Uninsured motorist coverage for personal auto insurance

Uninsured motorist coverage


1. Coverage

Part C of the personal auto policy provides uninsured motorists (UM) coverage.

 In most states, this coverage indemnifies the insured for bodily injury only as a result of an accident with a legally liable uninsured motorist. 

Only compensatory damages are covered; punitive damages are specifically excluded.

Some states offer property damage coverage in addition to bodily injury coverage. 

This is provided by adding an endorsement to the policy.

Before the insured can be indemnified under Part C, four conditions must be met.

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The loss must be caused by an auto accident and involve bodily injury (in most states). 

The loss must be sustained by an insured.

The insured must be legally entitled to recover for BI damages.

The other vehicle must meet the definition of an uninsured vehicle.

2. Definition of Uninsured Motor Vehicle

The policy defines an uninsured motor vehicle as one that:

has no liability coverage at the time of the accident;

has liability coverage but not enough to meet the state’s financial responsibility requirement;

is operated by a hit-and-run driver who cannot be identified who strikes an insured or a family member, the insureds covered auto, or any auto occupied by the insured or a family member; or

has invalid liability coverage at the time of the accident because the insurer is insolvent or denies coverage. 

This definition does not apply to a vehicle or equipment that is:

owned by or furnished or available for the regular use of the insured or any family member;

owned or operated by a self-insurer, except for an insolvent self-insurer;

owned by a government unit or agency;

operated on rails or crawler treads;

designed for use off public roads; or

located for use as a residence or premises.

Earlier, you learned that the out-of-state coverage provision automatically amends the policy limit to conform with other states’ financial responsibility laws.

 Because of this provision, the part of the definition referencing policies with inadequate limits rarely applies to drivers insured under a personal auto policy.

 However, not all policies include an out-of-state coverage provision.

 This part of the definition is intended to protect insureds involved in accidents with drivers insured by such policies.

Keep in mind that for the purpose of this course (including related exam questions) we will ignore the impact of the out-of-state coverage provision on the definition of an uninsured motorist.

3. Who Is Insured

Insureds for uninsured motorists coverage include:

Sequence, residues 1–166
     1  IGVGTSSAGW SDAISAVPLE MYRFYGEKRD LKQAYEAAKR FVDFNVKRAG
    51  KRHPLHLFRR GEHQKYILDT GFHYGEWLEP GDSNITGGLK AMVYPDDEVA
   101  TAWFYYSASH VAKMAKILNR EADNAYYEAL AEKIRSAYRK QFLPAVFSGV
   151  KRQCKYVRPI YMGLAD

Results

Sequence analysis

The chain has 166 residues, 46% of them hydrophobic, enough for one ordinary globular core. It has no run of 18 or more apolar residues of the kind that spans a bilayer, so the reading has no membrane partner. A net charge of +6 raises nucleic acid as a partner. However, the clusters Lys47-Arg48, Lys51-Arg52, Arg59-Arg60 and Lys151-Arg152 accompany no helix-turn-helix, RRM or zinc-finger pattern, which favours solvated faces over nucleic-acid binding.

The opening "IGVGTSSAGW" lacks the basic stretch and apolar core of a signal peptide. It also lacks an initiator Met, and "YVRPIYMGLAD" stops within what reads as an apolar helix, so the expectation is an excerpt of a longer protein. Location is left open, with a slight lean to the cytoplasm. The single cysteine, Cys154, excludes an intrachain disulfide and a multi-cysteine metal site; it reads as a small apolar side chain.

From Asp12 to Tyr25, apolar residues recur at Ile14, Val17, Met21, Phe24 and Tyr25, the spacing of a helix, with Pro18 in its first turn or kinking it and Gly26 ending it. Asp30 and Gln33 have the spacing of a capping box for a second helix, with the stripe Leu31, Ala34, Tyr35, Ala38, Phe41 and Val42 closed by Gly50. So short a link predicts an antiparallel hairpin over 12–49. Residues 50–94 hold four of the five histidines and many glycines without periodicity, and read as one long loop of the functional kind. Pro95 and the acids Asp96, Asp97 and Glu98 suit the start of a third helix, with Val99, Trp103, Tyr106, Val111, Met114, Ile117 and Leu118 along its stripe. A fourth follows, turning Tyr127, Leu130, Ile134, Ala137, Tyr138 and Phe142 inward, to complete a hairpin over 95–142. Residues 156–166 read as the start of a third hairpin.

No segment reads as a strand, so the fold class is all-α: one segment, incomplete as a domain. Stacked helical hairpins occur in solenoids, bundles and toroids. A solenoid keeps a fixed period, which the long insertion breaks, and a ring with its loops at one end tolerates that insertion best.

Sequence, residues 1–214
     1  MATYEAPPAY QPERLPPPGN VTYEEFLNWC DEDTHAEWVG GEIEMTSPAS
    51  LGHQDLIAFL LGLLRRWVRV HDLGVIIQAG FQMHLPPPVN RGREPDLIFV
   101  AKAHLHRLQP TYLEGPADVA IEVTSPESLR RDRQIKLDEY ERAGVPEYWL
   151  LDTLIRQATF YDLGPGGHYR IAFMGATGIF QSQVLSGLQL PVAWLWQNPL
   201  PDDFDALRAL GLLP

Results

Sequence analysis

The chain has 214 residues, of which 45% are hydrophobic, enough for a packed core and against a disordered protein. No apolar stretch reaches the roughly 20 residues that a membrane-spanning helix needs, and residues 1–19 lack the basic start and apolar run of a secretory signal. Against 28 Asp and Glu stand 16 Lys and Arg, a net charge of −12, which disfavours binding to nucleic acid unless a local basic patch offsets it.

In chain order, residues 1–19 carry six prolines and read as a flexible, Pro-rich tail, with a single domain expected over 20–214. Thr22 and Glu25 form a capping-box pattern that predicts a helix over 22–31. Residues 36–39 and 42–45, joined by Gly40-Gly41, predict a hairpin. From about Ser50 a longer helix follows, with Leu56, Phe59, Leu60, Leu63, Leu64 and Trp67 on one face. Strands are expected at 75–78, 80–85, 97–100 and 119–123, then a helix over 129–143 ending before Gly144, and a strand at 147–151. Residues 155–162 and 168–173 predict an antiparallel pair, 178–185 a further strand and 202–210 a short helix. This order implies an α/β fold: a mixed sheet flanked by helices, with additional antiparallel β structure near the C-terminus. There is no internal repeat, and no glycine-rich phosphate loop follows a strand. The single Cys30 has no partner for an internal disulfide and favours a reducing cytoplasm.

the named insured and family members;

anyone occupying the named insured’s covered auto; and

any person entitled to recover damages because of BI caused by an uninsured motorist to the named insured, family members, or passengers in the covered auto.

Examples include a parent who is entitled to recover for medical expenses incurred by a child or a spouse who is entitled to damages for loss of consortium (loss of a spouse’s services).

4. Exclusions

Part C does not cover losses:

for BI sustained by an insured while occupying or when struck by an auto that is owned by the insured but not 

insured for uninsured motorists coverage under the policy;

for BI sustained by a family member while occupying or when struck by an auto owned by the named insured

that has primary uninsured motorists coverage under another policy;

that are settled without the insurer’s consent if the settlement prejudices the insurers right to subrogate 

against the uninsured driver;

that occur when the auto is being used as a public or livery conveyance; or

that occur while the insured is using an auto without the reasonable belief that he is entitled to do so (does not apply to family members using covered autos owned by the insured).

In some states, workers’ compensation insurers and disability insurers may have the right to subrogate against a third party who has caused an injury. 

In the case of an injury caused by an uninsured motorist, this right could extend to making a claim under the injured party’s uninsured motorists coverage. 

Such claims are specifically prohibited by the policy.

5. Limit of Liability

The limit of liability provision for Part C is similar to the one used for Part A. It also states that the insurance company will not:

make duplicate payments for losses that were paid by or on behalf of the person who was responsible for the accident; or

pay any part of a loss that could be covered under a workers’ compensation or disability benefits law. 

6. Other Insurance

The other insurance provision for uninsured motorists coverage is similar to the ones used for Parts A and B. One important difference is that the

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amount that the insured can be paid is limited to the highest single policy limit for uninsured motorists coverage.

 This prevents stacking coverage—adding the limits of coverage available to provide a higher coverage limit.

Suppose Imelda has two personal auto policies, both with a $200,000 limit of liability for uninsured motorists coverage. 

She is involved in a serious accident with an uninsured driver and incurs $350,000 in medical expenses. 

The maximum amount she could collect under both policies for this loss is $200,000.

7. Arbitration

Part C provides specific provisions on arbitration that come in to play when the insured and the insurance company do not agree whether the insured is entitled to uninsured motorists coverage or the amount of damages.

 This provision operates much like the arbitration clauses we discussed earlier.

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